(PUBLIC NEWS SERVICE) – With the unofficial start to summer, pools around Ohio opened Memorial Day weekend, and when it comes to swim time, experts encourage parents to become “water watchers.”
Drowning is the top unintentional cause of death for children ages one to four, and the second-leading cause among kids ages five to 14.
Dawne Gardner, senior injury prevention specialist for Cincinnati Children’s Hospital Medical Center, pointed out 70% of drowning deaths occur between May and August. She said the most important pool safety measure is to ensure an adult is actively watching children at all times.
“If there are multiple adults around the pool, take 15-minute shifts so that adult knows: no phone, no book, no conversations; they are keeping an eye on all the children,” Gardner recommended. “That is their time, and that is their only job while they’re there.”
How to keep your children safe while swimming
With infants and toddlers, an adult should be in the water within arm’s reach. Most drownings involving kids under age four happen at home pools, so experts encourage the use of alarms and secure pool fences to keep curious little ones away.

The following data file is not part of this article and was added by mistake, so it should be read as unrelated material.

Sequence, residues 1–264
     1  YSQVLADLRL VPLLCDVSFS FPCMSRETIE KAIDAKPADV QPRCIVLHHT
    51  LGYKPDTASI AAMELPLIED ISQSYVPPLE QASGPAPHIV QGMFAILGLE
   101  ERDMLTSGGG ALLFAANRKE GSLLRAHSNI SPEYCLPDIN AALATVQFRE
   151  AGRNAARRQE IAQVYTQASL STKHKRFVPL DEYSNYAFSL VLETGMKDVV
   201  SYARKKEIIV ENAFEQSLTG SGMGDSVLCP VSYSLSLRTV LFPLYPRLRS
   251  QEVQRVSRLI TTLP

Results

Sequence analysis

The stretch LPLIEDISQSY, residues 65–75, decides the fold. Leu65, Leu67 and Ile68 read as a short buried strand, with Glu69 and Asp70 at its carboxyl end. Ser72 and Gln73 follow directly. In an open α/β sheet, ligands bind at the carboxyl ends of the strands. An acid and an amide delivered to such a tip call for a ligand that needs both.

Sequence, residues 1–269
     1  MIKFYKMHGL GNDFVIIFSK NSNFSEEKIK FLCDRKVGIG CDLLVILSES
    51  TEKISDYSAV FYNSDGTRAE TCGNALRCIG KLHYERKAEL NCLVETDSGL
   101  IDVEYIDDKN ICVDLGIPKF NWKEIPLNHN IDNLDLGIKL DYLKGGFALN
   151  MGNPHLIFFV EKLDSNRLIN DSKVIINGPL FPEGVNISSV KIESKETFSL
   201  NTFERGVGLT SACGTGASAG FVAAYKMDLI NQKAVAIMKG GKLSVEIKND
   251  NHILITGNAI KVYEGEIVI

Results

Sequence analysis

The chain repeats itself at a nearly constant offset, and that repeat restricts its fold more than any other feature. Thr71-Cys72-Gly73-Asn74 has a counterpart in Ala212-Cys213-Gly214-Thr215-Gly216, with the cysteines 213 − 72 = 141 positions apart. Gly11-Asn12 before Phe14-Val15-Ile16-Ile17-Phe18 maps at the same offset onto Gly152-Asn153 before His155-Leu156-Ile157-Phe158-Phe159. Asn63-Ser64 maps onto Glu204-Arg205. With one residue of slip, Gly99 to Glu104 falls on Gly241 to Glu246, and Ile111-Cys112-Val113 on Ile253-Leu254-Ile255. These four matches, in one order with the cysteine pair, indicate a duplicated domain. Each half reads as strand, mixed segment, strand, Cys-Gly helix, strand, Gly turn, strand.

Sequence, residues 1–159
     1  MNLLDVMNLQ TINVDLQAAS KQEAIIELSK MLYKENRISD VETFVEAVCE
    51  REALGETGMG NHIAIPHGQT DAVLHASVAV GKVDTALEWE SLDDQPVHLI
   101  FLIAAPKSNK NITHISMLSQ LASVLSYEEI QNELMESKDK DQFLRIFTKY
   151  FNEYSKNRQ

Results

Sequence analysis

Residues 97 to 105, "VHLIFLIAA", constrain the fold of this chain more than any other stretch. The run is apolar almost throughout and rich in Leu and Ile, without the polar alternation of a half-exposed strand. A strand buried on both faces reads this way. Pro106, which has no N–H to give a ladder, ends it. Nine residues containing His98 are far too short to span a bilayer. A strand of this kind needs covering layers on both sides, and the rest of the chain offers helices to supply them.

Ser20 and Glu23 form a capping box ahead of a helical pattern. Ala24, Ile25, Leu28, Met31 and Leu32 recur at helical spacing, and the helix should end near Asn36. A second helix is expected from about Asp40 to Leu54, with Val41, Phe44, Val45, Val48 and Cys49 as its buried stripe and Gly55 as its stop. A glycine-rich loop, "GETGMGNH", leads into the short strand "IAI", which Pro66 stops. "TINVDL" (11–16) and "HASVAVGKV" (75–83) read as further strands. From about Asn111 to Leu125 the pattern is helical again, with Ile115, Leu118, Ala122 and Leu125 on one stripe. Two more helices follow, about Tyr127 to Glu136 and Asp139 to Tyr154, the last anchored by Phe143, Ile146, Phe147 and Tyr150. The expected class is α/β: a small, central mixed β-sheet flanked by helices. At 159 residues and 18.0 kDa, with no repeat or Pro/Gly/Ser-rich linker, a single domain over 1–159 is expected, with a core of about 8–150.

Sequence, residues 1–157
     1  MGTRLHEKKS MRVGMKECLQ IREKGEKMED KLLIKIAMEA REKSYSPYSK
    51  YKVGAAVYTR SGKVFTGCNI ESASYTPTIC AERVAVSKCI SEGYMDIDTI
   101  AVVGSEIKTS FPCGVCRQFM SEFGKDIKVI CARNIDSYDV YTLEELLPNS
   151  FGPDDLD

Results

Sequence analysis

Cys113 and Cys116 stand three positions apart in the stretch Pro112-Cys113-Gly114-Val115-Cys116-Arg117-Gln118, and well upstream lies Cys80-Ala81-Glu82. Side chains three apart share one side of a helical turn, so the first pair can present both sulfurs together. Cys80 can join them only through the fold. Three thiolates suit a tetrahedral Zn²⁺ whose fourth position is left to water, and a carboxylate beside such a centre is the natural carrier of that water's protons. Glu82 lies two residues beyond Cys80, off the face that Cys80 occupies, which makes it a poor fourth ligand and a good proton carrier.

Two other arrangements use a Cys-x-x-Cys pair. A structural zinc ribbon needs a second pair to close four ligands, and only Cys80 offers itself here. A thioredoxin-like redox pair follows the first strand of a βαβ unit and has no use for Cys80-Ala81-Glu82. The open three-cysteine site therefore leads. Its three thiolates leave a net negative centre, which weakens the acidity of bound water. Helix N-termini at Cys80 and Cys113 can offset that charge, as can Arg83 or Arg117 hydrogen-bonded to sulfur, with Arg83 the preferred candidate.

Gardner noted while a drowning is traumatic, it does not always look dramatic.
“Parents always think that there’s a lot of splashing and yelling when a child is drowning, and that is not the case,” Gardner explained. “It is not a loud event. It is very silent. It happens quickly.”
Get swimming lessons for your children
Gardner also encouraged swimming lessons for children as soon as they are developmentally ready.
“Just so that they are comfortable around water, they respect the water, and they have those basic swimming skills,” Gardner emphasized. “We would like for parents, or at least one of the adults around, to know CPR. It’s just a great tool that could be helpful.”
There has been a roughly 38% drop in drowning deaths over the past two decades, which experts attribute to greater awareness and education about prevention and water safety.
Reporting by Ohio News Connection in association with Media in the Public Interest and funded in part by the George Gund Foundation.
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